During the great depression, greedy promoters staged sadistic endurance contests: cross-country footraces, flagpole sitting, weeks-long walkathons. The worst of these were the dance marathons, in which contestants suffered privation, humiliation and sometimes permanent damage in the faint hope of winning a paltry prize. An enlightened nation finally turned against these appalling spectacles.
But now with the return of economic hard times, something disturbingly similar has cropped up in states around the country. They call it the Republican presidential campaign.
After more than 20 televised debates and two months of voting, the four remaining candidates are staggering glassy-eyed toward Super Tuesday, March 6. Voters in 10 states, from Virginia to Alaska, will cast ballots, and even then--at the risk of spoiling the suspense--the ordeal is bound to drag on. Given the proud tenacity of the various dark-horse candidates, the bottomless wallets of their super-PAC benefactors, and the GOP's arcane rules for awarding delegates this year, the music may drone maniacally until June or even later. Meanwhile, the contestants look more worn with each passing day.
"We didn't win by a lot, but we won by enough--that's all that counts," declared the shuffling front runner Mitt Romney in his victory speech in Michigan, where he survived a mutiny by social conservatives and the mischief of liberals casting crossover votes for Rick Santorum. It was the verbal equivalent of a sigh of relief after he eked out a 3-point win in his native state, where a loss could have been fatal. Who loses in a state where the governor's office is in a building named after your dad?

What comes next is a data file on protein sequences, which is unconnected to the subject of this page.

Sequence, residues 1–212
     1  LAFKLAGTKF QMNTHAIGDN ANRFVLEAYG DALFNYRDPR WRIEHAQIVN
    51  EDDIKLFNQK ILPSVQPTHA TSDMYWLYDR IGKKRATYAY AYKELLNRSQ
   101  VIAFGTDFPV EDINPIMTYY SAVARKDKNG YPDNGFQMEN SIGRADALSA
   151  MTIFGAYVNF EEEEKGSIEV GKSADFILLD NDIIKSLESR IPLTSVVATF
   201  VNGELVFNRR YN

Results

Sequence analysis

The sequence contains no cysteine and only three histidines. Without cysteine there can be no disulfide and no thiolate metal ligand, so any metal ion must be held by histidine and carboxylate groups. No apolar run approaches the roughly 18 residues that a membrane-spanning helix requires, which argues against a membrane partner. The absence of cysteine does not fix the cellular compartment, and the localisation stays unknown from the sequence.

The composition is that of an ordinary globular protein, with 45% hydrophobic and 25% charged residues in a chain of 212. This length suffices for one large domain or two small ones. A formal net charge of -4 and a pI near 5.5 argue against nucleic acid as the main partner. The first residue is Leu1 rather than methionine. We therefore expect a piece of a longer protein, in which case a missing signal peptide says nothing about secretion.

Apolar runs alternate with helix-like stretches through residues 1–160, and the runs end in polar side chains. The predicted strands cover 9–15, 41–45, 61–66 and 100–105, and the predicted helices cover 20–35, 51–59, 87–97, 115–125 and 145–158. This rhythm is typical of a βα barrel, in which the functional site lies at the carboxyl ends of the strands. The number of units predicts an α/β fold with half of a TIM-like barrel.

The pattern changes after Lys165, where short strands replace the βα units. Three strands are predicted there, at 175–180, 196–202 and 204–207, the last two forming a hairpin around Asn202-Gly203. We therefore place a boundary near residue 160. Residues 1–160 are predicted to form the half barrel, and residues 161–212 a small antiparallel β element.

But the race has so far been immune to momentum; survival today only guarantees more punishment tomorrow. While Romney's delegate count slowly inches up, his favorability ratings drift dangerously downward. According to exit polls in Michigan, Romney lost to Santorum among the 40% of voters under 50, the half of voters with no college degree and the one-third of voters who call themselves very conservative. Romney remains very lucky that no candidate has managed to pull the anti-Romney vote together. Headed to Super Tuesday, he lags far behind Santorum in Ohio and Tennessee polls, trails former Speaker of the House Newt Gingrich in Georgia and might well be running behind Representative Ron Paul in the Alaska polls, if there were any.
A scene from They Shoot Horses, Don't They?--the classic dance-marathon movie--seems pertinent. The exhausted contestants stumble near the point of collapse as the M.C. lashes them to keep moving: "Here they are again, folks! These wonderful, wonderful kids! Still struggling! Still hoping! As the clock of fate ticks away, the dance of destiny continues! The marathon goes on and on and on! How long can they last?"
When Resilience Is All